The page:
What to recall from Functions?

This note will focus on a quick summary of the Grade 11 Functions course, or MCR3UO.




First, a function is simply a relationship between an input and an output. This is usually expressed in the form of two variables, most commonly X and Y.


Example 1: y = x + 5


This is an example of a linear relationship where if y = x + 5 was plotted on a graph, it would form a line. If you need help with linear equations, feel free to check out the grade 9 math notes.


Example 2: y = x^2 -6x + 5


This is an example of a parabolic relationship. Unlike the first example, x is to the power of 2, which means that we are unable to figure out the roots of the equation simply by rearranging the equation. However, we can always use the quadratic formula to figure it out.


The roots are 1 and 5. If you are unable to get this, please review the grade 10/11 note on factoring.


To quickly review exponent laws,


Example 1: a x a x a = a ^ 3


This is because we simply ADD the exponents when we multiply them together, so, 2a^2 x a^3 = 2a^(2+3) or a^5) Remember constant multiples, which are the numbers that come before an exponent (if there is no number than it is a 1, i.e. a = 1a, and it can't equal 0a because 0 times anything equals 0), are just multipled with the other constant multiple normally.


Example 2: (999x) ^ 0 = 1


Don't make me explain this, just understand that anything to the power of 0 is one, including 0.0001 to the power of 0. EXCEPT 0 to the power 0, which does not exist



Example 2: x^-1 = (1/x^1).


This means that x to the power of negative one is the same as one over x to the power of one. To keep it simple, if you see a negative, bring it to the other side (i.e. Numerator to Denominator or Denominator to Numerator). So for a more complicated example, 5x^-3 / 2 would equal 5 / ((x^3) x 2), this is because the CONSTANT multiple is not affected by the negative, just the variable. So as well, (x^-1) / (x^-2) would be x^2 / x^1 which can simplify to just x.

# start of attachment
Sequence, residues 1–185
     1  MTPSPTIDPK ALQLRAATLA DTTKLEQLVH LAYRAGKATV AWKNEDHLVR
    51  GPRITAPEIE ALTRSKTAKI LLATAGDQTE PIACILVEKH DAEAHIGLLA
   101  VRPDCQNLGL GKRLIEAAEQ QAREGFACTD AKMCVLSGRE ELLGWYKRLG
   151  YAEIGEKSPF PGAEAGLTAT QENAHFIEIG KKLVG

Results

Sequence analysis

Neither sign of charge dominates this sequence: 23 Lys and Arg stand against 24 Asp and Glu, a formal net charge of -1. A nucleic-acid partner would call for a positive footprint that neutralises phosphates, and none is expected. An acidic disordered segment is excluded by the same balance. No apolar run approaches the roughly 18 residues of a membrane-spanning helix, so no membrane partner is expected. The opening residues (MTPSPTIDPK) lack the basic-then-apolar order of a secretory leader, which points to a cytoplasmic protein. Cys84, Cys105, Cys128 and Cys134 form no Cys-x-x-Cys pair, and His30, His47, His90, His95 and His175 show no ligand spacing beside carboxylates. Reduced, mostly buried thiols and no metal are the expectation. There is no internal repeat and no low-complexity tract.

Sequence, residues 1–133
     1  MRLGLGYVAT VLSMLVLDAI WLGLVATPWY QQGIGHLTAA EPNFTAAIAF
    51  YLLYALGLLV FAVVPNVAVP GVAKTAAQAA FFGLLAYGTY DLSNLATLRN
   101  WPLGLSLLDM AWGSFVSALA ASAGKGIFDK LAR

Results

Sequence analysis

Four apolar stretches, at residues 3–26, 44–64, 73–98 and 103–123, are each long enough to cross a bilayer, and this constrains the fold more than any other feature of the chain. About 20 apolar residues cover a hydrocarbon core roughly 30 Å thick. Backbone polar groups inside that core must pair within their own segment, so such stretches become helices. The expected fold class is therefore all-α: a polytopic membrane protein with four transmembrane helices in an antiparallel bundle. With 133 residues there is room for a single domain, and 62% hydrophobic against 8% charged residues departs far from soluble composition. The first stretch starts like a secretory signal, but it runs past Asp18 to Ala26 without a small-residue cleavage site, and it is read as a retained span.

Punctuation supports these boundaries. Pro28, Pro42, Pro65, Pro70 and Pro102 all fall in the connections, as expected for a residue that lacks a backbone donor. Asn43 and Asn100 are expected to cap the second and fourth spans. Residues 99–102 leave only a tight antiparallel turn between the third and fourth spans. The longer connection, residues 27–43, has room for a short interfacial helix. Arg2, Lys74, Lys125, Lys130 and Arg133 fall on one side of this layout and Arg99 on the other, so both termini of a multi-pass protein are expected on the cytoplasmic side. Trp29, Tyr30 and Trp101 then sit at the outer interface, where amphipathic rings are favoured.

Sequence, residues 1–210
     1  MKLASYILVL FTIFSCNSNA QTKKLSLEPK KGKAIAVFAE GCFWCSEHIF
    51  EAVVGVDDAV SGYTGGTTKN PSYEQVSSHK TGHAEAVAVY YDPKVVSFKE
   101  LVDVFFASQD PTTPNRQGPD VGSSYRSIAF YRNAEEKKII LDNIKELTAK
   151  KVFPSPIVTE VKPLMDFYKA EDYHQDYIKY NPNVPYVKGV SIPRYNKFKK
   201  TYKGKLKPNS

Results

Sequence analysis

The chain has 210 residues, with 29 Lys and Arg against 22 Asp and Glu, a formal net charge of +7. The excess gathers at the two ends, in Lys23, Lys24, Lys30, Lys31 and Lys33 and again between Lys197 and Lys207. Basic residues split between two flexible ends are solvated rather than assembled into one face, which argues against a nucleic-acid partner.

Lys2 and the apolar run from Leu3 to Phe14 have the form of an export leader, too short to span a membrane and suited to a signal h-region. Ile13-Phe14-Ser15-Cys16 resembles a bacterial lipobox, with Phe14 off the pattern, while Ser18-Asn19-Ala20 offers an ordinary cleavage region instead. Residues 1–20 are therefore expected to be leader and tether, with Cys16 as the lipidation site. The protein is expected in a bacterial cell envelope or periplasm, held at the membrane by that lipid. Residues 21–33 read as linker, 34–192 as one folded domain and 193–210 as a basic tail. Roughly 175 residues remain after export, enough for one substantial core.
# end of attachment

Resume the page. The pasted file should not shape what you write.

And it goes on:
Example 3: 2x^m x 3x^n = 6x^(m+n)


Simply add the exponents when multiplying two terms with the same base (i.e. in this case the base was x) REMEMBER that if the base was 3, i.e. 3^5 x 3^10, you still just add the exponents so the answer in this case would be 3^15. If you expand the numbers and multiply normaly, you should get the same answer.


Example 4: (2x^m) / (3x^n) = (2/3)(x)^(m/n)


Simply subtract the exponents when dividng two terms with th same base. Remember to watch for double negatives (i.e. (x^m)/(x^(-n)) = x^(m+n)


Example 5: (x^m)^n = x ^(m x n)

When a term has an exponent and than is put (or raised) to the exponent of something else, you just multiply the two exponents together.


Example 6: (x/y)^n = (x^n)/ (y^n)

The exponent affects both terms. In this case, x to the power of 1 was put (or raised)  to the exponent of n so it became x to the power of 1 times n.


Fractional Exponents : x ^ (m/n ) = (x ^ m) to the root of n.

i.e. x^(3/2) = (x^3) to the root of 2 (or square root)


Remember that if two terms have different exponents, they cannot be added or subtracted!

i.e. x^5 - x ^3 cannot be added! But what you can do in this case is factor out x^3 and than factor the remaining term, x^3 ( x^2 - 1) = (x^3)(x+1)(x-1)